Stock futures are down slightly after major averages snap 3-day losing streak


U.S. stock index futures edged lower in morning trading Wednesday, after registering gains the previous day amid signs of tensions easing between Russia and Ukraine.

Futures contracts tied to the Dow Jones Industrial Average were off by about 80 points, or 0.2%. S&P 500 shares dipped 0.2% and Nasdaq 100 futures eased about 0.2%.

ViacomCBS was the biggest loser in early action Wednesday, with shares falling 6.5% premarket after the company said it is rebranding itself as Paramount Global to focus on streaming. At the same time, the company reported lower-than-expected quarterly earnings.

Shares of Wynn Resorts rose 1.8% after the casino operator beat on revenue, though it posted a larger-than-expected loss per share.

Markets have been driven largely by concerns over the Russia-Ukraine conflict, and the Federal Reserve’s plan to hike interest rates.

“Traders continue to monitor the situa-tion in Ukraine and look ahead to the Fed minutes release,” Sevens Report’s Tom Essaye said in a note Wednesday morning.

In the most recent geopolitical developments, NATO officials accused Russia of massing troops at the Ukrainian border.

Energy prices, which have been sensitive to the news, moved sharply higher Wednesday morning, with natural gas up about 5% and oil prices climbing more than 1%.

President Joe Biden addressed the latest developments between Russia and Ukraine Tuesday afternoon, reiterating that the U.S. will defend NATO territory.

“If Russia proceeds, we will rally the world,” he said, adding that Washington’s allies were ready to impose powerful sanctions that will “undermine Russia’s ability to compete economically and strategically.”

The comments came after the Russian government said earlier Tuesdayin the day that some troops who had been on the Ukrainian border had returned to their bases.

This helped boost sentiment Tuesday on Wall Street. The yield on the benchmark 10-year Treasury topped 2% as a risk-on tone returned to the market. Yields were little changed Wednesday, with the benchmark note slightly above 2%.

The major averages advanced Tuesday, snapping a three-day losing streak. The Dow gained 422 points, or 1.2%. The S&P added 1.58%, while the Nasdaq Composite rose 2.5%.

Technology was the top-performing S&P 500 sector, with nine out of the 11 groups registering gains on the day. Utilities and energy stocks were the two sectors in the red, dipping 0.6% and 1.4%, respectively.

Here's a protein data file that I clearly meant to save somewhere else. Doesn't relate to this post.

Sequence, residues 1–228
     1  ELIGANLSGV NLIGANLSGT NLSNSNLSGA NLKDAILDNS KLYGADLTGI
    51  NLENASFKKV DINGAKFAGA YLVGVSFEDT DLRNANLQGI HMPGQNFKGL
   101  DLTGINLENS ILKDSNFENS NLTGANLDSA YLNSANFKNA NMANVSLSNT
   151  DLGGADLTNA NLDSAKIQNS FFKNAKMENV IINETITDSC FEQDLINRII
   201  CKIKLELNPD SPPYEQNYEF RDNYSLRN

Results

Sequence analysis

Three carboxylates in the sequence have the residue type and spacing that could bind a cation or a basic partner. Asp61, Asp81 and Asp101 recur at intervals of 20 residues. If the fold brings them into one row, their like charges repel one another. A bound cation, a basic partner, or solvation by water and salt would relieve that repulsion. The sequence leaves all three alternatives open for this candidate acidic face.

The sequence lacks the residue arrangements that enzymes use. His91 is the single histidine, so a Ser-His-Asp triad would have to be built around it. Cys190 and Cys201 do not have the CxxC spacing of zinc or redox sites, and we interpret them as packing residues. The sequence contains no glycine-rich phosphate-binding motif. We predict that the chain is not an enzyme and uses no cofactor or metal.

“U.S. stocks rallied on optimism that it doesn’t seem like Russia will invade Ukraine this week and despite another hot PPI report, as many on Wall Street are still not convinced the Fed will be as aggressive as some are calling for this year,” said Oanda’s Ed Moya.

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The Labor Department said Tuesday that wholesale prices jumped 1% in January, bringing the gain over the past 12 months to 9.7% on an unadjusted basis.

As inflation runs hot, Wall Street is looking ahead to the minutes from the Federal Reserve’s January meeting, which will be released Wednesday at 2 p.m. ET.

The summary could be viewed as stale considering the meeting happened before the most recent data. However, investors will be searching for any new insights into the number and size of rate hikes, as well as details of a balance sheet reduction plan.

“The latest inflation data continue to decimate the ‘inflation is purely transitory’ theory,'” said Michael Cembalest, chairman of market and investment strategy at J.P. Morgan Asset Management.

“After pricing in less than one Fed hike as of last September, markets and Fed watchers now expect between 6 and 7 hikes over the next year, with some arguing for a 50 basis point move and not just 25,” Cembalest added.

Retail sales data will also be released Wednesday at 8:30 a.m. on Wall Street. Economists are expecting the report to show that sales rose 2.1% in January. That compares to a 1.9% decline in December.



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